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Story pick: What if bullies didn't push Phoebe Prince to suicide?

The standard story line in the tragic tale of Phoebe Prince -- the 15-year-old ninth grader in Massachusetts who killed herself in January after other kids at school were cruel to her and called her an "Irish slut" -- is that the children now charged with bullying contributed mightily to her death.

Now, in a rigorously reported piece on Slate.com, Emily Bazelon writes that although some of those children indeed treated Prince shabbily, "Phoebe helped set in motion the conflicts with other students that ended in them turning on her. Her death was tragic, and she shouldn't have been bullied. But she was deeply troubled long before she ever met the six defendants."

Bazelon reports that "The whole story is a lot more complicated than anyone has publicly allowed for" and that Prince started cutting herself back in 2008, when she attended a boarding school in Ireland, that she wrote a school essay about cutting, and that she was in treatment for emotional difficulties in 2009.

The reporter visited with students, parents and teachers and found a consensus that although bullying was a problem at the school and needs to be addressed, the popular version of what preceded and perhaps precipitated Prince's suicide is way, way off.

The story lays out in extraordinary detail the teenage romances and tensions that played out in the months before Prince killed herself. What emerges is a tale of kids making obnoxious online comments about one another, frequent "bitch fights" inside the school, and a teen culture in which ugly, soap-operatic teen confrontations were considered "normal girl drama."

Bazelon's bottom line is that whatever emotional strains and personal traumas led to a tragic ending for Phoebe Prince, the proper way to look at such cases is through the prisms of kid culture, parenting, education and mental illness--and probably not through the law. Proving that someone was responsible for the suicide of another is an awfully difficult task, and it's not clear that it serves much purpose, Bazelon writes. The real work of addressing the culture of cruelty at the school in South Hadley should take place among parents and teachers, but early steps in that direction were cut short by the prosecution of those who are charged in the bullying case.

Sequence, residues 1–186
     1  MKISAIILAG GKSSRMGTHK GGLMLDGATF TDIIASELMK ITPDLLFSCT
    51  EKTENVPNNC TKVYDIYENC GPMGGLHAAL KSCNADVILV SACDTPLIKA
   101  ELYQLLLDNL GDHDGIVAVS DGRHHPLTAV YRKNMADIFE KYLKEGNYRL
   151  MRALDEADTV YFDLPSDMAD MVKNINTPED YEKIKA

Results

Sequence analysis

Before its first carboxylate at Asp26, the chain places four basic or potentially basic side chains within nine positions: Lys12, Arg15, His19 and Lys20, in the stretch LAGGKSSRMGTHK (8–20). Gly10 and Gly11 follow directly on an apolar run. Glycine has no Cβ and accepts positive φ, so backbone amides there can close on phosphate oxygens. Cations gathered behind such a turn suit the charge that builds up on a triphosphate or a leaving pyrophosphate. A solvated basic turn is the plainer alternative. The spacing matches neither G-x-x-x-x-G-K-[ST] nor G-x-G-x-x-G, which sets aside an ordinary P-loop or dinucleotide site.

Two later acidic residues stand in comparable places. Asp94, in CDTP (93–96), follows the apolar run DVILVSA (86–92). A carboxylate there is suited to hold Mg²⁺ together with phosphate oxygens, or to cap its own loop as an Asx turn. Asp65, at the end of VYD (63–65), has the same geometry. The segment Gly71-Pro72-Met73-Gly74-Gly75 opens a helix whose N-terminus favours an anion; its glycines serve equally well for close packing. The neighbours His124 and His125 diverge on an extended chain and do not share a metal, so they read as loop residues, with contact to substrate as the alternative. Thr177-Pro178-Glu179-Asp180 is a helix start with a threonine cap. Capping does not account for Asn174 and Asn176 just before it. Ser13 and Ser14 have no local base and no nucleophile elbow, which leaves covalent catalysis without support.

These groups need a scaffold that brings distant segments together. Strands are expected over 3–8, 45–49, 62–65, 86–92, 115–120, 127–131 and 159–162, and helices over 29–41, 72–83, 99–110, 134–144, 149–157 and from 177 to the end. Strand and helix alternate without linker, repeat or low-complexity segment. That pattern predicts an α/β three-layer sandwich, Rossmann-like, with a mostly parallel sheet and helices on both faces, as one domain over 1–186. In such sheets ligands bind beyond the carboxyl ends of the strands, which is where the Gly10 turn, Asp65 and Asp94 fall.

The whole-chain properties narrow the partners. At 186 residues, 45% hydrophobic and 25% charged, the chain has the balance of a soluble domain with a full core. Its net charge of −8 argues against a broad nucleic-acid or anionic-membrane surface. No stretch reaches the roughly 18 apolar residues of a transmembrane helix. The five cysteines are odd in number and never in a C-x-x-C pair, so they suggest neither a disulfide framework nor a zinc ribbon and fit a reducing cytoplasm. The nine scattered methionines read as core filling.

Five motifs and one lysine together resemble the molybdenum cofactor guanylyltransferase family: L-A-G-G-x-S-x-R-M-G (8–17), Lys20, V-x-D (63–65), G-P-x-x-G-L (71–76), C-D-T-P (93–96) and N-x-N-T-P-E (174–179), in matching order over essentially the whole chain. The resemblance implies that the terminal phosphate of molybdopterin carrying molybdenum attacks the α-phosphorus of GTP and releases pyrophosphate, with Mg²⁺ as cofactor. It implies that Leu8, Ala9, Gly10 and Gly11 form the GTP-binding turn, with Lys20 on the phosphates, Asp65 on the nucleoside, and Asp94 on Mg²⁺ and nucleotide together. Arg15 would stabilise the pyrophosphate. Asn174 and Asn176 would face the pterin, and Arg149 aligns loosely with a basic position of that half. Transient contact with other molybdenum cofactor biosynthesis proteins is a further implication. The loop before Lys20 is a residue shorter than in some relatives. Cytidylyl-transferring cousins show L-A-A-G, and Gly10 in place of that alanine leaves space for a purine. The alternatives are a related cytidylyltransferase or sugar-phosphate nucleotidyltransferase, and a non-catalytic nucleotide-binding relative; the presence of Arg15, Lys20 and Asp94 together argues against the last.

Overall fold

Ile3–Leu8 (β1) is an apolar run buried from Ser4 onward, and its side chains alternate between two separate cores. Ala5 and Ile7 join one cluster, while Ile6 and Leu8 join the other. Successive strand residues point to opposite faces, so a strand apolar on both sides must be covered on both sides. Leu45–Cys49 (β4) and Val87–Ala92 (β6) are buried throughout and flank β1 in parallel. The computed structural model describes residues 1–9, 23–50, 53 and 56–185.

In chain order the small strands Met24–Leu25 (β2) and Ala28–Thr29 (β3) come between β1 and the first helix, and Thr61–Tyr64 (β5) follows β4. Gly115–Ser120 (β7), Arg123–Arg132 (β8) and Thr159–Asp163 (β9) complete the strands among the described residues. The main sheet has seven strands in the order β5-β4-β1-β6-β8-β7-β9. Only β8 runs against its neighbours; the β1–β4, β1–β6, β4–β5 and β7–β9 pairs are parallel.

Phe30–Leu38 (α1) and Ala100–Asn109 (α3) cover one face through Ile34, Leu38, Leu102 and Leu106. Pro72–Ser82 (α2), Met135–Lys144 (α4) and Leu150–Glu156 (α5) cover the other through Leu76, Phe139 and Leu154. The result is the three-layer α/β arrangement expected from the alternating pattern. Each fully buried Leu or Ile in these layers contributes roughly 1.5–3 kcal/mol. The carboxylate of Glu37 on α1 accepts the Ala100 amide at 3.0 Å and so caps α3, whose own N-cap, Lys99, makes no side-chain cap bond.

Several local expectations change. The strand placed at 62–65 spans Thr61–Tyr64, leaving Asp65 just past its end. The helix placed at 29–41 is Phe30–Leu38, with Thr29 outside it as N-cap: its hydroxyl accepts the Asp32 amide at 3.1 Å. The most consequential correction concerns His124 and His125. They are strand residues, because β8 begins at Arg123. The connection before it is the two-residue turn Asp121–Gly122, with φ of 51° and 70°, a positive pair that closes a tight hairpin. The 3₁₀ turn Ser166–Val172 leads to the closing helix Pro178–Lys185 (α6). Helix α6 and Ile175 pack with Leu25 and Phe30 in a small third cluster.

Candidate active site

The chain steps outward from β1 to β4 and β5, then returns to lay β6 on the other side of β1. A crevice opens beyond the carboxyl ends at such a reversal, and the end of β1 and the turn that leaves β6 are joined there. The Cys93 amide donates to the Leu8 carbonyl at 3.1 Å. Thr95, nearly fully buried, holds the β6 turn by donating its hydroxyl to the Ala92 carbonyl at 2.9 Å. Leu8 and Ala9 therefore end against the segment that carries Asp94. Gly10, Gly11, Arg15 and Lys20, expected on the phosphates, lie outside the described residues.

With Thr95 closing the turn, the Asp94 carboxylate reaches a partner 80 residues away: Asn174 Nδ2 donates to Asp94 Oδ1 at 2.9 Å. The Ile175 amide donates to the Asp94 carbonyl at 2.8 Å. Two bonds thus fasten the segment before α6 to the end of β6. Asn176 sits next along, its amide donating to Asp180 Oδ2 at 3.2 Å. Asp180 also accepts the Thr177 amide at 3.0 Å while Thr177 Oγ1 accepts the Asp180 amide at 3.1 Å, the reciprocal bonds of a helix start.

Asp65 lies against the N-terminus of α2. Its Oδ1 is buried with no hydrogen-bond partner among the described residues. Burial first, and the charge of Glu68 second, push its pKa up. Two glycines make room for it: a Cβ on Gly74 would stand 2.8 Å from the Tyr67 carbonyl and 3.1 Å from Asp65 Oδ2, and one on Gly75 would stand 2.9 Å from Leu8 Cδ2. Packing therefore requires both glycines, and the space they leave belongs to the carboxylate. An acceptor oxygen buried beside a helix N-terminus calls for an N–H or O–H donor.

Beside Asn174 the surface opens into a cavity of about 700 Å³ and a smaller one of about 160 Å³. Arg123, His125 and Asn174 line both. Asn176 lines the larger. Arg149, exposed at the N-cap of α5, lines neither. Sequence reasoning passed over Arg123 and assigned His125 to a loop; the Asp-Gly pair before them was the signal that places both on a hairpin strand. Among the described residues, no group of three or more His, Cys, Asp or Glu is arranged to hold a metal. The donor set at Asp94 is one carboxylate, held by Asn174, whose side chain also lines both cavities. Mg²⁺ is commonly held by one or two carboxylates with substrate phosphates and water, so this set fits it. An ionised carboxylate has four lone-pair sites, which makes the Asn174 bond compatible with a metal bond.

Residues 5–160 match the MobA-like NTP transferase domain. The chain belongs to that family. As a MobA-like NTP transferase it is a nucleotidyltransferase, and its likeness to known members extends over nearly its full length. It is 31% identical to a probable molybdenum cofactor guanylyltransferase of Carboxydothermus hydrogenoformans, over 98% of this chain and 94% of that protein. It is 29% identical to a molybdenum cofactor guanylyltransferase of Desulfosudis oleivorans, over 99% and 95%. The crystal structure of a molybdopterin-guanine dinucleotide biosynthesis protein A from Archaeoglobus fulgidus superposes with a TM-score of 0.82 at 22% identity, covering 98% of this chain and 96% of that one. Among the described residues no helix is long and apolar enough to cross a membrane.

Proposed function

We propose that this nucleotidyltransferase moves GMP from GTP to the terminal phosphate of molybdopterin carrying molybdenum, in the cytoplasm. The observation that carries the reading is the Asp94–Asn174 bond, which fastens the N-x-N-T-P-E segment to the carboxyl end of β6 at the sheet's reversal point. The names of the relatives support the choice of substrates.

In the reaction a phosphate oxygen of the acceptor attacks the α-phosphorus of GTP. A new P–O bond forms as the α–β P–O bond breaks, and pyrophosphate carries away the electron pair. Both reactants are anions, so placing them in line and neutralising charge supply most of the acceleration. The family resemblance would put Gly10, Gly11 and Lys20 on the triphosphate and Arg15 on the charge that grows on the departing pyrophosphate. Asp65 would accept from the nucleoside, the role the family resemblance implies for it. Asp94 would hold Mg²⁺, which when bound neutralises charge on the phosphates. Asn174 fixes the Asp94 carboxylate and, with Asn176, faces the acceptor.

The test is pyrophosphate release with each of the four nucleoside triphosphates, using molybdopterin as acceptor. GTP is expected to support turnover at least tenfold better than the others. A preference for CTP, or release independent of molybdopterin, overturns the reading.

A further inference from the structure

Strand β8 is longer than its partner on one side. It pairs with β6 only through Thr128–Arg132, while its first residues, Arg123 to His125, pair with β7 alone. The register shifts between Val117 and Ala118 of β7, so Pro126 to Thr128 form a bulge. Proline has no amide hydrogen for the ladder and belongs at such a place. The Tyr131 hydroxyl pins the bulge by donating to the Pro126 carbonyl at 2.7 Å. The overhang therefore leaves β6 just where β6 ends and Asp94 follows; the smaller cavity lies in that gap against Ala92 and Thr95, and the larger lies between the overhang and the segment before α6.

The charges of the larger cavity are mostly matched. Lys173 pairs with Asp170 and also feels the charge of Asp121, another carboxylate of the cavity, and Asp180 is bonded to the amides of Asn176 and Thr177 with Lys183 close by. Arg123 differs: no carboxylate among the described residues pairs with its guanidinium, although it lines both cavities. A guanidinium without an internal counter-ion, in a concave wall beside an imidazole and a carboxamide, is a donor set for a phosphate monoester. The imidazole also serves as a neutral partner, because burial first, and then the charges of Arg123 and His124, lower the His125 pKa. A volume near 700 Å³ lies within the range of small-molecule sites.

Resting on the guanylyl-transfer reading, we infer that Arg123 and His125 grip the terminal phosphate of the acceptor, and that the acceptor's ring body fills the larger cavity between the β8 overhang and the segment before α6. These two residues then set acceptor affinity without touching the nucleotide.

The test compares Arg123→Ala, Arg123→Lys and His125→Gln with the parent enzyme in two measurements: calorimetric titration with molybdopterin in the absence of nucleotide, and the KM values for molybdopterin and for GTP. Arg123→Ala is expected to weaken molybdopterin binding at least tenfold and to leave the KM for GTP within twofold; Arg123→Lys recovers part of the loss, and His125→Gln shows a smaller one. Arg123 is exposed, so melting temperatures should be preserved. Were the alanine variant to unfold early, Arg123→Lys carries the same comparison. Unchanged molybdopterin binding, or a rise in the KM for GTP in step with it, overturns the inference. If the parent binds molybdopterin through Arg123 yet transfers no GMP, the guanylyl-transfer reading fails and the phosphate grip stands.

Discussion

By Marc Fisher  | July 22, 2010; 8:26 AM ET
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Comments

"The real work of addressing the culture of cruelty at the school in South Hadley should take place among parents and teachers, but early steps in that direction were cut short by the prosecution of those who are charged in the bullying case."

Your statement that the prosecution had somehow cut short the gains that were being made among some abstracted South Hadley citizens is indeed ludicrous. Early steps in that direction were cut short by the fear and shortsightedness of the School Administration (and company.) There was ample time and opportunity for constructive action.

However, I did not find Emily Bazelon's Slate article to be rigorously researched, or to be particularly well written. Bezelon failed to report that among the members of the Anti-Bullying Task Force is parent representative, Jennifer Mullins. That is an artifact of the culture.

Posted by: Bote | July 22, 2010 3:52 PM | Report abuse

Why is no one asking the pointed question, "How did Ms. Prince's psychotropic drug history play into the picture?"

We at CCHR know that psychotropic drugs kill and the mantra that psychiatry kills is accurate.

Suicide is a crime in our society. What is the cause of crime? The "treatment" of course.

Does the Post have an investigative reporter who will correctly report this story and an editor who will publish the truth, that psychiatry kills?

The bullying came from those who had been educated by psychological education in our schools. Her problems were deeper seated and rooted in psych drugs.

We need to understand who should be on trial here. And yes she was killed.

Posted by: jeffgriffin | July 22, 2010 8:48 PM | Report abuse

My heart breaks for this girl and her family. It is a sad truth in our American schools that bullying is such a major problem (and it is in all our schools across the country).

We too are 3 years new to a school and we have found the majority of the bully issues come from the athletics kids. It amazes me how when something like this happens - the first thing everyone says is "Well they couldn't have done that - they are captain of the football team". Our society seems to have gotten to the place where schools, parents and society in general feel that just because a kid is in these athletic programs- that they can do no wrong.

Our kids have that figured out and the bullying they do is done under-the-table and in ways that the teachers and administrators aren't seeing until it's too late. We as parents and society have to change this concept and demand that to be in athletics you are required to treat your fellow classmates and teachers with respect first and formost. Winning a state tournament comes after that.

There are many personalities, talents and untapped potential in our high school kids today. Unfortunately - unless you are an athlete/cheerleader in our public schools today then surviving the high school years can become the most difficult time during a young person's life. That is very wrong and should not be expected or demanded of our kids at their most vulnerable time in life. Our kids should not have to "survive in this type of atmosphere" just to get their education and high school diploma. Once you are out in the workplace - if issues among personalities like this arrise - usually someone is fired if it isn't worked out. Our kids do not have that option.